Kubikey was David's introductory project when he started with us. Check out David’s first weeks at Tweede golf
We use the Google kubernetes engine as one of the tools for hosting products. The default, Google supported way of accessing such a cluster from the command line is through logging in via the Google Cloud SDK, and letting it configure kubectl for you. When used as intended, this provides a relatively low-friction way to access the cluster.
Unfortunately, the authentication process with the Google Cloud SDK leads to the creation of access tokens on the computers harddrive with very long lifetimes. This leads to risks of stolen credentials should a computer be lost whilst its Google Cloud SDK is still logged in. It is possible to manually log out the SDK after use, but as this is a user initiated process, it comes with the risk of a user forgetting to do this. Furthermore, the process of logging in the Google Cloud SDK, whilst not overly complicated, still requires a number of steps to be completed by the user, leading to friction when forced to log in often.
KubiKey aims to solve this by providing shorter-lived access tokens for our main use case, kubernetes access, whilst at the same time reducing friction by integrating the login flow into the user experience of kubectl. It achieves this by utilizing a private key stored in a yubikey secure hardware token, and using this to generate kubernetes access tokens when running kubectl. The yubikey's pin, when needed, can be fetched in-terminal during the kubectl command execution as needed, significantly reducing login flow friction for end users at the same time.
How it works
KubiKey is built to provide access to gcloud service accounts. This was chosen as Google only allows external private key access for gcloud service accounts, enforcing standard google authentication for normal gcloud user accounts. This service account is configured with the public key from the yubikey's authentication (slot 9a) key.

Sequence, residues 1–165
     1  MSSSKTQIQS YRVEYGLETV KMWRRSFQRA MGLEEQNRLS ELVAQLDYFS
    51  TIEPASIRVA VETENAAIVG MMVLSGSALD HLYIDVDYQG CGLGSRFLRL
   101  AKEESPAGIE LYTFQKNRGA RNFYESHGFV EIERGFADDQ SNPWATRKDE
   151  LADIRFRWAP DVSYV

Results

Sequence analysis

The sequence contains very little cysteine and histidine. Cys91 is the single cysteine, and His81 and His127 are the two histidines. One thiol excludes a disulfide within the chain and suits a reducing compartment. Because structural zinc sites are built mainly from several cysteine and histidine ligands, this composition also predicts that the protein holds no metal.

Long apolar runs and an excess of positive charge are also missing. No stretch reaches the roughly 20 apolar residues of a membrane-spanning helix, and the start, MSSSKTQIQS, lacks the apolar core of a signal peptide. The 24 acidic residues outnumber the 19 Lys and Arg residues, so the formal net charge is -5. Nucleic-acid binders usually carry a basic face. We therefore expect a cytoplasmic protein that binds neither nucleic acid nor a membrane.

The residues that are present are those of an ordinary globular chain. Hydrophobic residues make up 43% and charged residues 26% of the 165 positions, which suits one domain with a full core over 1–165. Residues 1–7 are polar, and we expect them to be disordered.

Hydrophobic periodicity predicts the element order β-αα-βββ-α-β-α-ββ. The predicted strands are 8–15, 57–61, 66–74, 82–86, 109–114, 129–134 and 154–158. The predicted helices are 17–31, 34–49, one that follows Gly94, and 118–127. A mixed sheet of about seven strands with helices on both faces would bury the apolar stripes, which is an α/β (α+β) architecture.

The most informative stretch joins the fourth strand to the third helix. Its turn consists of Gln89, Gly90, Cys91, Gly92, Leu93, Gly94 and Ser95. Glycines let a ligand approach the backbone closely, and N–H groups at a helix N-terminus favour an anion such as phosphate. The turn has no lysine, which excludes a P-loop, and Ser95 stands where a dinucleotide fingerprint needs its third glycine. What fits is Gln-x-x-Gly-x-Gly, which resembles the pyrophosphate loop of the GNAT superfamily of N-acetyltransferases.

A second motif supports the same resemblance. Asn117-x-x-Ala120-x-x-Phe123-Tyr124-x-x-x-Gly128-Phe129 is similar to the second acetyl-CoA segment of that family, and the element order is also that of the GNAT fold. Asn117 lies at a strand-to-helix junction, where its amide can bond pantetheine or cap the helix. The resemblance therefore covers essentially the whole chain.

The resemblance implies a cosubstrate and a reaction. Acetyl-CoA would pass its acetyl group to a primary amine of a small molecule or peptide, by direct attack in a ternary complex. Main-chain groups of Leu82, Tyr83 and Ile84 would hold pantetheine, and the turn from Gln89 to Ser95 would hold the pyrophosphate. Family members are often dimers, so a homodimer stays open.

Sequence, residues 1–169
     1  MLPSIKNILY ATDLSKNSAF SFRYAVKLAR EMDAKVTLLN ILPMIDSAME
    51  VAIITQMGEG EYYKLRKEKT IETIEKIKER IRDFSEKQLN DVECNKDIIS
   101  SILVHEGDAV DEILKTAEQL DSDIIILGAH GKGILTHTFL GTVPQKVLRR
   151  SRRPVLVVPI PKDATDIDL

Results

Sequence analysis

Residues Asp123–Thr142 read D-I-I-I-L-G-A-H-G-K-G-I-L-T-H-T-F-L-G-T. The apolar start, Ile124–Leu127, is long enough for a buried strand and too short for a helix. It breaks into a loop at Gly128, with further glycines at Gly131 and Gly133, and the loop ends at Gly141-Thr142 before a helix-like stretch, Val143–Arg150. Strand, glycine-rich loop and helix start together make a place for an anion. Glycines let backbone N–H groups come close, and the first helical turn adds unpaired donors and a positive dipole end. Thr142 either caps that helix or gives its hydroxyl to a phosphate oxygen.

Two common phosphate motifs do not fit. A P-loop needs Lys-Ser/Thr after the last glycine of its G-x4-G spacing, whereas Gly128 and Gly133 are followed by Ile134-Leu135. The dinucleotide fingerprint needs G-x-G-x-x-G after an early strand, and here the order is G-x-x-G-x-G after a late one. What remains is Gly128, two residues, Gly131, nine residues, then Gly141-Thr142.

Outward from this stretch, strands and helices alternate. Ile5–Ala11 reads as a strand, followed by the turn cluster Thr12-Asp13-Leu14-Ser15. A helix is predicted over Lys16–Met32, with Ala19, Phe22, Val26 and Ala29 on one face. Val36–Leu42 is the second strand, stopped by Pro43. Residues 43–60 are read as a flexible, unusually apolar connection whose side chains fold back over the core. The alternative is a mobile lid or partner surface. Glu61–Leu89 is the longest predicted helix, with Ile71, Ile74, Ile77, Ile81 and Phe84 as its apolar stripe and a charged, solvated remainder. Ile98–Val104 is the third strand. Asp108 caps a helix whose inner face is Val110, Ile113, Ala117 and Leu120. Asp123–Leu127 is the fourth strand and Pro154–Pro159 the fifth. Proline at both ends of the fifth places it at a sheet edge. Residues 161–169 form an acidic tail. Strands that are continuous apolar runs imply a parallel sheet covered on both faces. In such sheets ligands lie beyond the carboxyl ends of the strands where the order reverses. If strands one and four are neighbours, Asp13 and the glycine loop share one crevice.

For our cluster, kubectl is configured to use KubiKey as its authentication provider. When running a command, when it needs an access token for the cluster it invokes KubiKey to get one.
At this point, KubiKey first asks the user for a pin to unlock the yubikey, and then proceeds to sign a user token. This user token is not usable directly as authentication for kubernetes, so it then sends it to the Google authentication servers to obtain a one-hour valid access token for the kubernetes cluster.
KubiKey returns this token to kubectl, which is then able to use it to access the cluster. Kubectl also takes care of caching this token for us, enabling the user to run multiple commands in short succession without having to enter his pin each and every time.
It can be concluded that KubiKey is a successful project for internal use at Tweede golf. If you want to try out KubiKey check out its readme, or take a look at how the above described process is implemented under the hood, KubiKey can be found on github.
We work on a lot of cool projects here at Tweede golf. If you are interested in what we do, take a look at our open source work and other blog posts to get to know more!
PS We're hiring!